New York lawmakers reach a deal to legalize recreational marijuana, source says

A marijuana smoker holds a joint in Brooklyn, New York, in April 2020.

(CNN)New York State lawmakers have reached a deal to legalize recreational marijuana, a legislative source familiar with negotiations told CNN Wednesday, stating lawmakers were finalizing bill language to be passed next week.

"The Cannabis Law" legislation would create a new Office of Cannabis Management (OCM) controlled by a Cannabis Control Board, according to an internal legislative memo obtained by CNN.
The proposal would eventually allow New Yorkers over the age of 21 to grow their own plants in their homes, and a 13% tax would be tacked on to retail sales for state and local tax revenue.
The deal follows marijuana legalization in neighboring New Jersey. Last month, New Jersey Gov. Phil Murphy signed bills to legalize and regulate marijuana use for those 21 and older, decriminalize possession of limited amounts of marijuana and clarify marijuana and cannabis use and possession penalties for those younger than 21.
In New York, board officials would issue licenses for different steps of the supply chain -- farming, processing, distribution, dispensaries and retail "consumption" sites, the memo says. The new state office would oversee the regulation of the adult-use and medical cannabis programs.
Some OCM officials would be tasked with focusing on social equity, including a goal to award 50% of licenses to "social equity applicants" like those from communities impacted by cannabis prohibition and minority- and women-owned businesses, according to the memo.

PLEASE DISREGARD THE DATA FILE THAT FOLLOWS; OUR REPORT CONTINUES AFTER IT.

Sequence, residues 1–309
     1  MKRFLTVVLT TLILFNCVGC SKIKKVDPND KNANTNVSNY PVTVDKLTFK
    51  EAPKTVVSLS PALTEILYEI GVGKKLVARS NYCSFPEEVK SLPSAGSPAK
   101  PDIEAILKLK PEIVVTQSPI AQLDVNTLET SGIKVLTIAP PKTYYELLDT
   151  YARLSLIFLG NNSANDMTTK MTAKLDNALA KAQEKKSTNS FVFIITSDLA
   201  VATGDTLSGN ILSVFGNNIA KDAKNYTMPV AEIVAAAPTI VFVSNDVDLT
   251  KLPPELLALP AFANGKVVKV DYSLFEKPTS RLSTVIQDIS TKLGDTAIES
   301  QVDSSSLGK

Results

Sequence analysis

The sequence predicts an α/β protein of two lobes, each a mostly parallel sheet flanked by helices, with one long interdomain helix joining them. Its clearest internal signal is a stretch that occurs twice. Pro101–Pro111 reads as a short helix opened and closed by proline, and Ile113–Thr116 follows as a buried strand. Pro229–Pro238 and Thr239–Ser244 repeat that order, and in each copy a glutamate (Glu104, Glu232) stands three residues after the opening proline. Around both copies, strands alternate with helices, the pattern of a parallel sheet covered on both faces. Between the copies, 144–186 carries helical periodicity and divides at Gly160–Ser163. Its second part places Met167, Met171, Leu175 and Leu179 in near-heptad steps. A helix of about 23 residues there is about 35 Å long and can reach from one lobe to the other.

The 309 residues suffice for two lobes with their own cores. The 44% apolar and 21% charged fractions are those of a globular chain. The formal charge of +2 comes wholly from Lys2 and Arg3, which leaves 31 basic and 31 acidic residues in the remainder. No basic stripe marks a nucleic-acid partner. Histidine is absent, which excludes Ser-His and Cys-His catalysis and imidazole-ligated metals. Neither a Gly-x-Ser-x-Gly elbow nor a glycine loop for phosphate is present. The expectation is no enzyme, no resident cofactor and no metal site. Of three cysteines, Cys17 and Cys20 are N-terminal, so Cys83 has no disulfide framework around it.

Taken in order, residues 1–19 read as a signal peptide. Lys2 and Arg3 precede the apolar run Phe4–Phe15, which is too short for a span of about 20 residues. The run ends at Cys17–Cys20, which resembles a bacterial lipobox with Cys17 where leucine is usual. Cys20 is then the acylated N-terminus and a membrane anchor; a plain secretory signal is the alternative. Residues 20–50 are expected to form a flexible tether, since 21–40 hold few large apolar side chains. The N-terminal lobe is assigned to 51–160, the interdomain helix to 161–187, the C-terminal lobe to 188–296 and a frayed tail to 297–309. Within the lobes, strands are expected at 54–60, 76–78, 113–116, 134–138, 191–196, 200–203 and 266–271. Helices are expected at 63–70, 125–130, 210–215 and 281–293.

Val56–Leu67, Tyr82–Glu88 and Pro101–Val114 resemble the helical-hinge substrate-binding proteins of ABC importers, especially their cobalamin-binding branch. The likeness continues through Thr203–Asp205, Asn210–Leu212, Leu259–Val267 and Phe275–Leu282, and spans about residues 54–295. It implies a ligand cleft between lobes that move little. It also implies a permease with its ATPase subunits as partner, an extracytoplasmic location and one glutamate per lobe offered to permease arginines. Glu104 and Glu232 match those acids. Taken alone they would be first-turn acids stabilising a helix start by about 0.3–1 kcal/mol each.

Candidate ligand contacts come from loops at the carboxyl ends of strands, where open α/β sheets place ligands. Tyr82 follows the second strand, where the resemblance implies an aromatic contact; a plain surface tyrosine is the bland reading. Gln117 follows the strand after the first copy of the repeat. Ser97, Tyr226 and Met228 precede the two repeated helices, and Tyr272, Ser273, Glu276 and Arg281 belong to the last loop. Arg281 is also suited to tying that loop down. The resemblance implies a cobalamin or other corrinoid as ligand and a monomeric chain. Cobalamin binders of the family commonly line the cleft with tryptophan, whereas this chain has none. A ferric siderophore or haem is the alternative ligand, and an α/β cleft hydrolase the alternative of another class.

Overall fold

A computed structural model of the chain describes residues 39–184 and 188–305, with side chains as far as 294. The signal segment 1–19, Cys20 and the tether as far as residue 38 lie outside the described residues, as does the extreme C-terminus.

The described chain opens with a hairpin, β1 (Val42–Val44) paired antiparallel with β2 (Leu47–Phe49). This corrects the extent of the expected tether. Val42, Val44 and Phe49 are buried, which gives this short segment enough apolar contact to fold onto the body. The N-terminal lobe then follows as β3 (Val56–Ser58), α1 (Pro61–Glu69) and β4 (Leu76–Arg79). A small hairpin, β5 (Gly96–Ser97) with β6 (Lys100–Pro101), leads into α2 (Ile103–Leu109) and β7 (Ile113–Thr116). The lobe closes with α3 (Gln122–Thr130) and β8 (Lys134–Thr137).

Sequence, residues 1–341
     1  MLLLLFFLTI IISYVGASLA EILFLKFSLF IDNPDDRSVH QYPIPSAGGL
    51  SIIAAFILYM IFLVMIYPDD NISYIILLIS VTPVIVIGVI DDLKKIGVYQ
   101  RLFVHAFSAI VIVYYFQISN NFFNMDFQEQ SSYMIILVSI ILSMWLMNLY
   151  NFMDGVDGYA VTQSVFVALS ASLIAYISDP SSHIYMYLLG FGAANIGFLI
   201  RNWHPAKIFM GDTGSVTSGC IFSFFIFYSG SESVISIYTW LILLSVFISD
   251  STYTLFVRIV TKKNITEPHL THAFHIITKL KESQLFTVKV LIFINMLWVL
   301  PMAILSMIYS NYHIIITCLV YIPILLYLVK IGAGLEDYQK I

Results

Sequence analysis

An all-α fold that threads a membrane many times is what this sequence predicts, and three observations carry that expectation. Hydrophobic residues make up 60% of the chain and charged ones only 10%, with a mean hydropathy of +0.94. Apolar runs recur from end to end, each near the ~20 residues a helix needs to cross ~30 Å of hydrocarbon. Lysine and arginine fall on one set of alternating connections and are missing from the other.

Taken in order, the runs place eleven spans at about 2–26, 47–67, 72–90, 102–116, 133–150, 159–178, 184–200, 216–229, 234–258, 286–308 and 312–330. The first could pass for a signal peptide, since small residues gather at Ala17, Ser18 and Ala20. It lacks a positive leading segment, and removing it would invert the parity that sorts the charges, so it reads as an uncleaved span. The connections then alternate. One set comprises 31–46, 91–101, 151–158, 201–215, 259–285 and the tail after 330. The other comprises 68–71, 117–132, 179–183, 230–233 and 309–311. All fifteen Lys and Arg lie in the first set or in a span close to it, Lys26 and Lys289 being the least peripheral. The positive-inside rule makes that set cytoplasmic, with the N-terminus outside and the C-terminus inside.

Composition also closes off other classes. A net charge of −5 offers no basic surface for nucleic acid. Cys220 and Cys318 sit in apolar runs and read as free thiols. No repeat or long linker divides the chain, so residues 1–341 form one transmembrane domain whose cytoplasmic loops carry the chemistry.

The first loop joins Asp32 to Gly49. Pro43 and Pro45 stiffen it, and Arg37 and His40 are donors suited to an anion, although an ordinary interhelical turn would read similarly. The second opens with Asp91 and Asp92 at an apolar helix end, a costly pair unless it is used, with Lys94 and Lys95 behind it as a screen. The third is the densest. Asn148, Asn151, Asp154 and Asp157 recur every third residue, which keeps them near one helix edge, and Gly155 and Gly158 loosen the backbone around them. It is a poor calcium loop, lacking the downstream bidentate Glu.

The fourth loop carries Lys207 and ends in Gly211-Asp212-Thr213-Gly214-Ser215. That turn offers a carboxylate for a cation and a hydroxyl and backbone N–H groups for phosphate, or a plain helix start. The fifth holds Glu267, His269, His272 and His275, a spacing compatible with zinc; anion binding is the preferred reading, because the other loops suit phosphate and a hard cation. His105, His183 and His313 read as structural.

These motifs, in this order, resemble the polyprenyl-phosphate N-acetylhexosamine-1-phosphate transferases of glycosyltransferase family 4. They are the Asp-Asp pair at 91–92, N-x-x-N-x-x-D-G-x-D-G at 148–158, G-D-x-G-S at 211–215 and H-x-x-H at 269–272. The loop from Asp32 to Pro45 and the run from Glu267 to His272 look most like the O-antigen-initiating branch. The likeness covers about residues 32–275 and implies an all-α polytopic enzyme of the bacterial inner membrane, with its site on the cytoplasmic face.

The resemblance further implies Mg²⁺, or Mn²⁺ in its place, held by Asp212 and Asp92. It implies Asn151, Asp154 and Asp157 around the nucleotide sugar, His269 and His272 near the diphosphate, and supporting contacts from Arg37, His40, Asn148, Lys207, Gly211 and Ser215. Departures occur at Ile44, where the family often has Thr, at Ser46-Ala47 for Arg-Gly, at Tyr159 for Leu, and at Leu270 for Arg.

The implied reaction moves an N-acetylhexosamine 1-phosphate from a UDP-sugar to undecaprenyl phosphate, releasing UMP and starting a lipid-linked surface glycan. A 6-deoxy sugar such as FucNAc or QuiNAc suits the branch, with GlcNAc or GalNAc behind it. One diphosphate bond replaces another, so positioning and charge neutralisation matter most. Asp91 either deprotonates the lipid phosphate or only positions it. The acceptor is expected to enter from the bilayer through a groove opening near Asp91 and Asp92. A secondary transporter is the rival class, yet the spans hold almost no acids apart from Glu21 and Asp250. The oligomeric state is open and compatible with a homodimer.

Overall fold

Percentages of the program's revenue would go to the State Lottery Fund for Education and the Drug Treatment and Public Education Fund. Another portion would go to the Community Grants Reinvestment Fund for "grants for qualified community-based organizations and approved local government entities to reinvest in communities disproportionately affected by past federal and state drug policies," the memo says.
The plan would allow law enforcement to justify suspicion of intoxication by the odor of cannabis but would prohibit using odor as a justification for searching a car for contraband, the memo says. "Impairment by cannabis" would be included in the infraction "Driving While Ability Impaired," which is the lowest degree of the "Driving While Intoxicated" statute.